According to a new study published in JAMA Surgery, researchers at The University of Texas MD Anderson Cancer Center in Houston, Texas, have found that the rates of breast-conserving therapy for early-stage breast cancer have increased, but access to this treatment modality still remains an issue for some patients.
For the study, researchers analyzed data from approximately 728,000 women with stage T1 or T2 breast cancer treated between 1998 and 2011 from the National Cancer Data Base. Researchers found that the proportion of patients undergoing breast-conserving therapy increased from 54.3% in 1998 to 59.7% in 2006, and leveled off at 60.1% in 2011.
Results showed that certain demographic factors, such as insurance, income, and travel distance to treatment facilities, impact which patients have access to breast-conserving therapy; however, declines in disparities related to age, geographic region, and treatment facility type were also observed.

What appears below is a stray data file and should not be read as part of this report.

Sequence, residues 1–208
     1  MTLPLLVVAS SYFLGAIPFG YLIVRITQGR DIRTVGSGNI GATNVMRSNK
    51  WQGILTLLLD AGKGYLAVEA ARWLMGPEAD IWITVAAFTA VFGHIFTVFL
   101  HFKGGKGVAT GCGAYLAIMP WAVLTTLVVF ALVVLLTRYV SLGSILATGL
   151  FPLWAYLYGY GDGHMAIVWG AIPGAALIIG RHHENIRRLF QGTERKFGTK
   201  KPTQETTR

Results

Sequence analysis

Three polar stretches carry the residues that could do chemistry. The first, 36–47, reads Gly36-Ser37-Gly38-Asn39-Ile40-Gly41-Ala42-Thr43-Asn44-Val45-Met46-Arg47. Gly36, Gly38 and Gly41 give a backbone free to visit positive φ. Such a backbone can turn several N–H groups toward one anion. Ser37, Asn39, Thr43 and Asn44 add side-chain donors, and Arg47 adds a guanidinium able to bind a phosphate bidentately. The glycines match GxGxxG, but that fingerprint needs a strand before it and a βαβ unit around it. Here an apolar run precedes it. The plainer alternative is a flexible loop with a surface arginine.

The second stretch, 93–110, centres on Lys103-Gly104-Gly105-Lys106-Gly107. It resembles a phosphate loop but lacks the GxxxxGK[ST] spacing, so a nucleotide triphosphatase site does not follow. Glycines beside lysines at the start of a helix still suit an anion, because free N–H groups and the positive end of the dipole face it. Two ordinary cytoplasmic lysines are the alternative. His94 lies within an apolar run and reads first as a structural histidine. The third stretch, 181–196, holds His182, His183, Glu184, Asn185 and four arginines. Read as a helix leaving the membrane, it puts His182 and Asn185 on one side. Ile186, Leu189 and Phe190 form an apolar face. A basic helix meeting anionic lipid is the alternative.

The findings suggest that the majority of women are opting for breast-conserving therapy, but various disparities still exist that limit access to that treatment approach.
The first comprehensive national review of breast-conserving therapy (BCT) shows that over the last 13 years rates of this treatment modality for early-stage breast cancer have increased at a steady pace.